14. The simple purchase of stationery is a spending of my tax pennies in a way that I would not spend my own pennies, and a spending from which the vendor and the vendor’s suppliers benefit. When the federal government decided to create a major aircraft industry for World War II and located much of it in SoCal, it redistributed tax money from all over the country into southern California. It “purchased” aircraft to be sure, but in fact it deliberately decided to spend the money to build up that industry in a specific region of the country that had only had a small aircraft presence up to that time, and the specific region benefited in spades. When the federal government paid 90% for construction of interstate highways it redistributed tax money disproportionately to rural and low-population states and regions. When the state of Pennsylvania provides more money per pupil to rural and small-town school districts than it does to suburban Philadelphia districts, it’s redistributing money within the state.

    I can think of no kind of government spending that does not have a redistributive effect. To put that another way, all spending is eventually somebody’s income. That’s the case whether goods are involved or not. Consumer spending is also redistributive; that’s the meaning of consumer choice, aka “voting with my dollars.” It’s why I don’t like sending my utility payments out of state.

    The difference between us here, and why this observation is not intended to end discussion but to be part of the accepted groundwork for real discussion, is that I don’t consider “redistribution” to be the kind of imprecation that will stop the hearts of the innocent. It’s not a curse. It’s a description of the reality of all public spending. Even spending I favor and think we should undertake.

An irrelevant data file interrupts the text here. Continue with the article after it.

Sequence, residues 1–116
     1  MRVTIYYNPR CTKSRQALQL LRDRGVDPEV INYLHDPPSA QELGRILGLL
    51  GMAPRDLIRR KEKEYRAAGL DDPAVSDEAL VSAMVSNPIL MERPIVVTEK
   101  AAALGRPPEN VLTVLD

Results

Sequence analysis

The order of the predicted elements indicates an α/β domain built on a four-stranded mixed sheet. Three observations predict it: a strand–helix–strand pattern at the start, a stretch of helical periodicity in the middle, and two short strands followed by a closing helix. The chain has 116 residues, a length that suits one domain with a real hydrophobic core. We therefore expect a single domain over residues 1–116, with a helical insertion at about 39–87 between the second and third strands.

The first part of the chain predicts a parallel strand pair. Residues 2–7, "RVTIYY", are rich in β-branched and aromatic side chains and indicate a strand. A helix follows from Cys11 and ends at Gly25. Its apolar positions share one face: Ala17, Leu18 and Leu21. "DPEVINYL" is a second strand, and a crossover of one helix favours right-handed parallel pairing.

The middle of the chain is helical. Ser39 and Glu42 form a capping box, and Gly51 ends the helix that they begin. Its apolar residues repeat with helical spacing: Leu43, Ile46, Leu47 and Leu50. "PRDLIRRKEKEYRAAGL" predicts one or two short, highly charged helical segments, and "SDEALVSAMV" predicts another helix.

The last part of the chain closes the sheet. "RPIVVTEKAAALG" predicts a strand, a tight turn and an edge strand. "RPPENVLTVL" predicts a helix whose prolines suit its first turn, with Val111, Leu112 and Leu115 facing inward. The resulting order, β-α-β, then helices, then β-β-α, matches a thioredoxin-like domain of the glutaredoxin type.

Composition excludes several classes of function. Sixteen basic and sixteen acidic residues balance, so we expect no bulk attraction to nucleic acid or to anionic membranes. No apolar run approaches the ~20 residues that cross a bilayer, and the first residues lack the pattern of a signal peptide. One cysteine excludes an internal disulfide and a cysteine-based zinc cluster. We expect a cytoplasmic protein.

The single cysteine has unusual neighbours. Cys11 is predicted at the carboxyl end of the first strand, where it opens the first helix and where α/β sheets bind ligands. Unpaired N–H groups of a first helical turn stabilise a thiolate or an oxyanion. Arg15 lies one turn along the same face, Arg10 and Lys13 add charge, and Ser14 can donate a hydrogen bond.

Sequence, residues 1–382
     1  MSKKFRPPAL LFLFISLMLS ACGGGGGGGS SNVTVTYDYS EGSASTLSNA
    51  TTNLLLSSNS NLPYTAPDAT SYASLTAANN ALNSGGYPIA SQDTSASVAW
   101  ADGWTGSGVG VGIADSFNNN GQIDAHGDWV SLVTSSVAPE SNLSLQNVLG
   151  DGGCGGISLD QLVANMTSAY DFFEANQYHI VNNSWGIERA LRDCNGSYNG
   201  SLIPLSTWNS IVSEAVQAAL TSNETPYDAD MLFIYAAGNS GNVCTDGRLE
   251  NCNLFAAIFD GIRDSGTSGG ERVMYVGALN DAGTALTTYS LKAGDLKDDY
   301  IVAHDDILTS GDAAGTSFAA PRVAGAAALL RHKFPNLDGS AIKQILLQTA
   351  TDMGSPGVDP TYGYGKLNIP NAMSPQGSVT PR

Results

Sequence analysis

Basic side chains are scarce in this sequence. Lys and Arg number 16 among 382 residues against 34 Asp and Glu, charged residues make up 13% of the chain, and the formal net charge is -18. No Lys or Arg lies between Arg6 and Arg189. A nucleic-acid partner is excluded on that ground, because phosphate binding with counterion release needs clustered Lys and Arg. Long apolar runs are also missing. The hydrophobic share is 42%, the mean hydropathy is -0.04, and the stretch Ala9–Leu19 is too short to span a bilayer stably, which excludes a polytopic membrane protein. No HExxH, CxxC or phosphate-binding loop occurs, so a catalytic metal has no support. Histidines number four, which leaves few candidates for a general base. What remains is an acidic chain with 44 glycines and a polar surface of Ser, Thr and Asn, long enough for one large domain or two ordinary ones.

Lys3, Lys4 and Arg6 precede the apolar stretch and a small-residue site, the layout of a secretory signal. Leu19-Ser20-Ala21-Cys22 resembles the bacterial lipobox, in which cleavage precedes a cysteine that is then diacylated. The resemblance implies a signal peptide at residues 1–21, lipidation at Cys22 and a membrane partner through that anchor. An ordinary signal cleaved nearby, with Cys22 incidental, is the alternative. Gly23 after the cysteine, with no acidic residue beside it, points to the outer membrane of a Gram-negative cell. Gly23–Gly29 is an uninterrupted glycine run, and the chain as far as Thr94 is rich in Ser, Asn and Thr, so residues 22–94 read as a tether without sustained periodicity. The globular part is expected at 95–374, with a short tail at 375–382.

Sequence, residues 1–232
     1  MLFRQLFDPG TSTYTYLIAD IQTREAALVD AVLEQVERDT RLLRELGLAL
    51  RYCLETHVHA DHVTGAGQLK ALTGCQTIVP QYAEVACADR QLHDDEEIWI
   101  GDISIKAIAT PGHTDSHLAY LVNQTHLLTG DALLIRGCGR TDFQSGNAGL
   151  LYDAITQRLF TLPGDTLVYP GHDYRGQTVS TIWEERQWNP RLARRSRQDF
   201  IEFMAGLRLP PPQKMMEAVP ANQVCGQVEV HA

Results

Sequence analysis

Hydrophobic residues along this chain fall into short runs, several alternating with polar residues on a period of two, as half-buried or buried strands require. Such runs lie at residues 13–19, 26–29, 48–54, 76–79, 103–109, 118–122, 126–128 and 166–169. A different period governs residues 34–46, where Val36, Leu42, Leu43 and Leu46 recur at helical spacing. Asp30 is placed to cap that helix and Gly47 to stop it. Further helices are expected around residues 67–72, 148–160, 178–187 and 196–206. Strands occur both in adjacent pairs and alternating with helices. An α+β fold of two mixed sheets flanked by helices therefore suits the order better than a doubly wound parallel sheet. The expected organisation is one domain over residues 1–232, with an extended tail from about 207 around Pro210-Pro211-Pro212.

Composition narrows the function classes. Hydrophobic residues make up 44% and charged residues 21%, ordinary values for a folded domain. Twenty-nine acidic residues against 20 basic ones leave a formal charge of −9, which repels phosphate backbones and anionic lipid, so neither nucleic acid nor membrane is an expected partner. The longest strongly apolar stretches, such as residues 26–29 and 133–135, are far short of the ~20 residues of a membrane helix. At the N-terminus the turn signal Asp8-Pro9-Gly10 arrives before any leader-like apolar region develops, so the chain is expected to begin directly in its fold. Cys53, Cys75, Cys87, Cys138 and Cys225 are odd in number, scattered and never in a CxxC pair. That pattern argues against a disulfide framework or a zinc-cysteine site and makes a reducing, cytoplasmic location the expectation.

15. CharlesWT says:

    “If New Orleans had been totally dependent on private insurance for the last century and didn’t have other government enablers like the Army Corp of Engineers propping it up, it would be a very much smaller target for hurricanes and other natural disasters.”

    And a worse port for shipping.

  16. Ebeneezer: “…and some payments transactions require synchronization within a few tenths of milliseconds. Light travels a foot in a nanosecond, so a millisecond is a million feet: about 200 miles.”

    Note – that’s raw speed; what’s important here is network speed. At 200 miles, the signal has to go through a lot of machinery.

  17. Of course, we’re also ignoring the good things that go with concentration. Face-to-face contact is still important for a lot of enterprises, especially serendipitous ones. So clearly the people who chose to live in potentially-more-risky venues and pay the extra insurance burdens should be able to levy a tax on the rest of us to get their fair share of the increased overall economic activity that results from innovators living adjacent to one another (or whatever else the increasing-returns situation is). For New Orleans, consider the rather large increment that acrued to the entire mississippi river basin as a result of having a port near the mouth of that river.

    Or we could give up on the endlessly recursive adversarial beancounting (which always seems to start at a particularly favorable status quo ante for the proposer) and just pull together.

  18. If you want to see public and private insurance applied to a disaster, consider the
    earthquake in Christchurch, NZ. There, residential insurance is covered to the Earthquake Commission, which is supported by a (required) payment, and covered on the reinsurance market. Non-residential buildings get private insurance; and the infrastructure (there was a lot of damage to anything below ground) is local or general goverment. I don’t know how this has all worked out.

    I’ll add that, although NZ has plenty of earthquakes, this one would count as a rare event (every few thousand years at most).

    On the more general point, of course any collection and payment of funds by a government redistributes money: so what? The question is, does this make for a better country to live in? I also think that using entities like “Nebraska” confuses the issue. Some people pay more than they get; others get more than they pay. Why then group people by geography? If money is the issue, surely people should be grouped mostly by their economic characteristics.